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Margaret Atwood’s follow-up to The Handmaid’s Tale is coming to the screen.
MGM and Hulu announced Wednesday that they will develop The Testaments, the sequel to Atwood’s best-selling 1985 dystopian novel. The studio and the streaming service — the latter is already home to The Handmaid’s Tale — are currently in discussions with showrunner Bruce Miller about how the The Testaments can become “an important extension” to his Emmy-winning drama starring Elisabeth Moss.
The Testaments, which publishes Sept. 10, picks up more than 15 years after the ambiguous ending of the original Handmaid’s Tale novel. The series, which recently wrapped its third season, has moved its story beyond the source material that drove the first season.
Hulu renewed the flagship series toward the end of the third season, which continued to expand the world of Atwood’s novel. The season began in the immediate aftermath of June’s (Moss) decision to remain in Gilead after giving her infant daughter to Emily (Alexis Bledel) to take to freedom in Canada. The third season ended with a controversial cliffhanger set to transform the series, an ending that Miller described in detail to The Hollywood Reporter as a “a huge, huge change.” A return date for season four hasn’t been set.
Atwood revealed details about the project as part of a Time magazine cover story that published Wednesday. Instead of being told from the perspective of Offred, The Testaments will be narrated by three other women connected to Gilead: a young woman raised in the oppressive society; a Canadian teen who learns she was actually born there; and Aunt Lydia, the villain of both the novel and the series, who is played by Ann Dowd.
“They can’t keep Offred in Gilead for many more seasons, or a certain amount of wheel spinning will be going on,” Atwood, who started writing the sequel in 2016, told the magazine. “They have to move her along — and I’ve given them lots of ways of how that would happen.”
Speaking with THR before the season three premiere, Miller weighed in on how Atwood’s new novel might eventually impact the events of the series. Asked if he believed The Testaments would directly impact his version of events, the series creator offered candidly: “I imagine it will.” (Atwood is a consulting producer on the series.)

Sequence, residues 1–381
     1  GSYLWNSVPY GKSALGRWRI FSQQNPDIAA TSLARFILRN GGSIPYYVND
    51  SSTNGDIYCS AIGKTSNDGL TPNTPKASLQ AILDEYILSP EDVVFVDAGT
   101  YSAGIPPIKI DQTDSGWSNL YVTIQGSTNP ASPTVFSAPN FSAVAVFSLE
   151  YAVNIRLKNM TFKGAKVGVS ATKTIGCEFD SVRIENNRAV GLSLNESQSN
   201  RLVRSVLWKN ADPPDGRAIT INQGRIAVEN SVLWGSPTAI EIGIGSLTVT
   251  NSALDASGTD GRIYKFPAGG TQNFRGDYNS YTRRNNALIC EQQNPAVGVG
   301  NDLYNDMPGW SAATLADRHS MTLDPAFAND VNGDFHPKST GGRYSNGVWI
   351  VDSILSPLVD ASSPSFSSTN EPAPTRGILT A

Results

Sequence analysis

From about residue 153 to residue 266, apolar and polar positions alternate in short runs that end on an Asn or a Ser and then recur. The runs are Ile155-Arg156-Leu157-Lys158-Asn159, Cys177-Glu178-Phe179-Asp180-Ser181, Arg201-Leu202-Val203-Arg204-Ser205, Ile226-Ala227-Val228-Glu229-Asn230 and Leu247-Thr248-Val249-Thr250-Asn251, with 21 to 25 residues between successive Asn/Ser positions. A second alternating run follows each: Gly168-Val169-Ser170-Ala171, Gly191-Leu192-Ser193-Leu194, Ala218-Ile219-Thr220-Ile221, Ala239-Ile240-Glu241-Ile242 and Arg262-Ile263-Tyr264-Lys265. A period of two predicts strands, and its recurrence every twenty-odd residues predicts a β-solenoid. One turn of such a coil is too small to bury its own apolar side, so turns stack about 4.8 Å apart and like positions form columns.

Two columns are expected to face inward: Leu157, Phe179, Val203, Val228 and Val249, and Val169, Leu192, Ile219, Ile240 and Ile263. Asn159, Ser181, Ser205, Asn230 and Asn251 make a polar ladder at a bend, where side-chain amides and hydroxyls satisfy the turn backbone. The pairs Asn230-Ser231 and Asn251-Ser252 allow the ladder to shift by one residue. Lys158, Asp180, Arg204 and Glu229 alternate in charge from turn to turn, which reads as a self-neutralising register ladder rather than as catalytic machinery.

Adding, “I think Margaret feels we have been good stewards of her characters and have brought them along in a way that makes sense to her. I don’t know how much she’s going to follow our lead [in The Testaments]. Certainly, we are living in Margaret’s world. In the end, this show, my show, is built to be a companion piece to both of those books, to sit on the shelf with them, where hopefully you can read the books and then you can watch something that illuminates them and gives some visuals, and explore some stuff more deeply. I look at the show as a companion piece to a piece of classic literature, as opposed to something that lives independently of Margaret’s work.”
While the first season was universally praised, the second and third seasons have been less well-received by critics. The series has won 11 Emmys for its first two seasons, including for outstanding drama series in 2017. The third season was ineligible for this year’s Emmys, but still earned 11 nods in individual categories due to the Television Academy’s “hanging episodes” rule.
“Margaret Atwood is one of the visionary storytellers of her generation. From her award-winning poetry, short-stories and novels, Margaret has continually pushed boundaries and broken barriers to bring innovative stories to life,” says Craig Erwich, senior vp originals at Hulu, in a statement.
Steve Stark, president of television production at MGM, adds: “Margaret Atwood is a literary icon who continues to delight and challenge readers through her provocative and compelling prose. She has been an incredible creative partner and resource to MGM throughout the production of Handmaid’s and we look forward to working with her on the story’s exciting next chapter.”
The move marks the third collaboration between Atwood and MGM Television. In addition to The Handmaid’s Tale, the studio acquired the rights to Atwood’s 2015 novel The Heart Goes Last, which follows a young couple hit by job loss and bankruptcy during a nationwide economic collapse.
Josh Wigler contributed to this story.
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